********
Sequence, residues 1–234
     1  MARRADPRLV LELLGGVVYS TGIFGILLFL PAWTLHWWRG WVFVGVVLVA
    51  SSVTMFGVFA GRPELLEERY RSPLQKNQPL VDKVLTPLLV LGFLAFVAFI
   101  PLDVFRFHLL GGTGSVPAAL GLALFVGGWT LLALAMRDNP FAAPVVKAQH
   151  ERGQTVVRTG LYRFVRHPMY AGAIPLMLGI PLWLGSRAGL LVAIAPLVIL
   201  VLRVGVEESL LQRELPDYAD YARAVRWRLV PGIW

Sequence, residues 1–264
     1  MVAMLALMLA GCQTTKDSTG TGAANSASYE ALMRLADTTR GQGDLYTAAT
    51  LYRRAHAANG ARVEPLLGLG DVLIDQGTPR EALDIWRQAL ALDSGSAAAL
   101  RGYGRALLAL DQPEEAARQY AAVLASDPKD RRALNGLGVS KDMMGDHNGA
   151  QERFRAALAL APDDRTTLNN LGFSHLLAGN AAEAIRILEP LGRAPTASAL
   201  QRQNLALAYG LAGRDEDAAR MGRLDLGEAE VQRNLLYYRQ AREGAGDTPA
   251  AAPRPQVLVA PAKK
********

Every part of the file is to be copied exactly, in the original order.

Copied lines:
Sequence, residues 1–234
     1  MARRADPRLV LELLGGVVYS TGIFGILLFL PAWTLHWWRG WVFVGVVLVA
    51  SSVTMFGVFA GRPELLEERY RSPLQKNQPL VDKVLTPLLV LGFLAFVAFI
   101  PLDVFRFHLL GGTGSVPAAL GLALFVGGWT LLALAMRDNP FAAPVVKAQH
   151  ERGQTVVRTG LYRFVRHPMY AGAIPLMLGI PLWLGSRAGL LVAIAPLVIL
   201  VLRVGVEESL LQRELPDYAD YARAVRWRLV PGIW

Sequence, residues 1–264
     1  MVAMLALMLA GCQTTKDSTG TGAANSASYE ALMRLADTTR GQGDLYTAAT
    51  LYRRAHAANG ARVEPLLGLG DVLIDQGTPR EALDIWRQAL ALDSGSAAAL
   101  RGYGRALLAL DQPEEAARQY AAVLASDPKD RRALNGLGVS KDMMGDHNGA
   151  QERFRAALAL APDDRTTLNN LGFSHLLAGN AAEAIRILEP LGRAPTASAL
   201  QRQNLALAYG LAGRDEDAAR MGRLDLGEAE VQRNLLYYRQ AREGAGDTPA
   251  AAPRPQVLVA PAKK